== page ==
Managers working in sectors requiring continuous operations, like healthcare, face unique challenges in exercising their right to disconnect. Due to the nature of their work, their workload is often managed in a hybrid way, and managers often need support in handling hybrid teams and maintaining boundaries.

Fair treatment and non-discrimination in telework were also highlighted. Managers think that telework regulations across the EU should be harmonized, and targeted policies to support underrepresented groups must be implemented. Another aspect that could foster equality and facilitate work-life balance is making sure that telework arrangements are voluntary and include financial compensation.

The rise of digital nomads

Worldwide, the movement of digital nomads has been growing in the last decades and Europe has become the most attractive global hub for mobile workers. Despite the opportunities for EU unification and diversity, managers recommend promoting sector-specific bargaining to tailor telework arrangements while involving worker representatives in telework negotiations.

The rise of digital nomads and cross-border teleworking necessitates a uniform legal framework to address various organisational and legal challenges. CEC European Managers advocates for an EU-wide legal framework for cross-border teleworking and digital nomads, standardizing health and safety regulations for teleworkers, and providing clear guidelines on tax obligations and labor laws for remote workers and employers.

Telework policies must also be adaptable to the unique needs of different sectors. CEC European Managers recommends promoting sector-specific bargaining to tailor telework arrangements, involving worker representatives in telework negotiations, and ensuring that telework policies are adaptable to evolving sectoral needs.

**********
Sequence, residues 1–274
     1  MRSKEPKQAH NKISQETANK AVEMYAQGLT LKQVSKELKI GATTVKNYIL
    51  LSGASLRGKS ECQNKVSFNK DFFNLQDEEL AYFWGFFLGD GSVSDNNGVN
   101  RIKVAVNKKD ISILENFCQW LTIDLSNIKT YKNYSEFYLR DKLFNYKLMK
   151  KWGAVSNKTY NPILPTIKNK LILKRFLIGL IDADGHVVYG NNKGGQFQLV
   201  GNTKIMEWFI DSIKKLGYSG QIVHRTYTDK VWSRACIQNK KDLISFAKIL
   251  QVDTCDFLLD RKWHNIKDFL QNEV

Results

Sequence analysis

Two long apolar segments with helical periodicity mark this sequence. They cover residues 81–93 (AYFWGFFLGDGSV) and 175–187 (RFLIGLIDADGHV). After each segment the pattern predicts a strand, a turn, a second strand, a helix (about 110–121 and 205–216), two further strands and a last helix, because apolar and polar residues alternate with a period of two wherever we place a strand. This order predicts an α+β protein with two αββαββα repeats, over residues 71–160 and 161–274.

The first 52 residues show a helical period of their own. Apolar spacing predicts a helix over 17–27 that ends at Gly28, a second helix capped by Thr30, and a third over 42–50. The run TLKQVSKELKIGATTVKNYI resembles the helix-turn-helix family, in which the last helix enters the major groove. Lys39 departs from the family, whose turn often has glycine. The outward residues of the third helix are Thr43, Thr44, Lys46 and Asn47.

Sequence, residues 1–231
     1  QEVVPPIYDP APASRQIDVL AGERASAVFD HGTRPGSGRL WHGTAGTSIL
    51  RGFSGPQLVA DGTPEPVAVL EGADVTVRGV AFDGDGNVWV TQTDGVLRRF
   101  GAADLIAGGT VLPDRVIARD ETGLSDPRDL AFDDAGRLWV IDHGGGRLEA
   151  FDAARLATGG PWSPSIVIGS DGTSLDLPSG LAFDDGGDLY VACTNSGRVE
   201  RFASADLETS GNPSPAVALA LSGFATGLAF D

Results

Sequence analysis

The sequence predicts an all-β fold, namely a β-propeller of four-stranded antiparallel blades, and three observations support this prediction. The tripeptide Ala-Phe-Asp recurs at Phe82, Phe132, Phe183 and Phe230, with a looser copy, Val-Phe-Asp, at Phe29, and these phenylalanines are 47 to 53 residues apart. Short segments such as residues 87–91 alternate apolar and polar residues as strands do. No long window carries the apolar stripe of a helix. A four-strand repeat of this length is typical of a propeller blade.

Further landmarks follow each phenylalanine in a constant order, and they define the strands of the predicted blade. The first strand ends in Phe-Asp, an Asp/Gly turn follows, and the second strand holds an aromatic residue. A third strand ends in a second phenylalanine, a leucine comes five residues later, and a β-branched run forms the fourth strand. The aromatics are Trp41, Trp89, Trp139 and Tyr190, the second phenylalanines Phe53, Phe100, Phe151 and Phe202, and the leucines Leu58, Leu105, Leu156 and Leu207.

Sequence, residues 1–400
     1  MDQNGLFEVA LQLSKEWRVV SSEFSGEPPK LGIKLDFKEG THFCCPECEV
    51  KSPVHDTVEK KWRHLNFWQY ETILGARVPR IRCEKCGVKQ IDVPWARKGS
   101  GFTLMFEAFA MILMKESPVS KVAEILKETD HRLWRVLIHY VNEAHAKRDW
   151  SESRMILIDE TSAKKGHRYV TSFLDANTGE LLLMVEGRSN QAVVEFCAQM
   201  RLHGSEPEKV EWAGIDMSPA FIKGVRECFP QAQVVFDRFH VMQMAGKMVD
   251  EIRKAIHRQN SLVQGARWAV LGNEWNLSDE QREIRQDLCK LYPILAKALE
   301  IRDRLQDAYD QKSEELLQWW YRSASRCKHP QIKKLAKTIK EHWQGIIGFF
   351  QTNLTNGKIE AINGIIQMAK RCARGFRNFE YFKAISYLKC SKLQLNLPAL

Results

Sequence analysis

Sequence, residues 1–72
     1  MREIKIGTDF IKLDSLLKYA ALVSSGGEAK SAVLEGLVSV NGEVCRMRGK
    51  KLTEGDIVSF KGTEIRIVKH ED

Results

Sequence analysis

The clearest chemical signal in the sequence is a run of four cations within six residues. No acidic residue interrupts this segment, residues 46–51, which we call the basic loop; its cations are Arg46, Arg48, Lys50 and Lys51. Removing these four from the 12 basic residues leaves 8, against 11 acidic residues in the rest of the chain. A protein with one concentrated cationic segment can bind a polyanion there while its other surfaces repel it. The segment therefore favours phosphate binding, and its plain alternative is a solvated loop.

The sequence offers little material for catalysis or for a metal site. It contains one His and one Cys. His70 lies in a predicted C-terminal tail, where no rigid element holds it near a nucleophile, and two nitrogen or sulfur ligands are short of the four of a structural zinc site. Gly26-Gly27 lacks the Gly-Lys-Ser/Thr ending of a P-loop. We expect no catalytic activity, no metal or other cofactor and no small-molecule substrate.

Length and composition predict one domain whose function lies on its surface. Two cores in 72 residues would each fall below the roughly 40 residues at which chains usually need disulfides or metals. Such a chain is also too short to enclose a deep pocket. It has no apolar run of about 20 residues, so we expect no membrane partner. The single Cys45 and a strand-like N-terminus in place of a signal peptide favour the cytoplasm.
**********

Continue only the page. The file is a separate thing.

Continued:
CEC European Managers asserts a clear necessity for EU-level intervention to address the fragmented landscape of telework and the right to disconnect across Member States. Such intervention is essential to establish a consistent and fair framework, ensuring equitable treatment and protection for teleworkers regardless of their location.

Other considerations

CEC European Managers encourages the European Commission to introduce a directive setting minimum standards for telework and the right to disconnect but warns policymakers that overregulation could stifle flexibility and innovation.

That is why managers think that the focus should be on setting minimum standards and providing guidance while allowing Member States and social partners to adapt these frameworks to local contexts.

Social dialogue in negotiating and implementing telework agreements is seen as crucial for finding balanced solutions that reflect the interests of both workers and employers.

In conclusion, the members of CEC Europea Managers, representing 1M leaders in Europe, have responded to the European Commission‘s consultation call with a comprehensive, inclusive, and flexible approach to telework policies and the right to disconnect in order to ensure competitiveness while respecting worker’s rights and making sure that it does not create new inequalities or exacerbates the existing ones.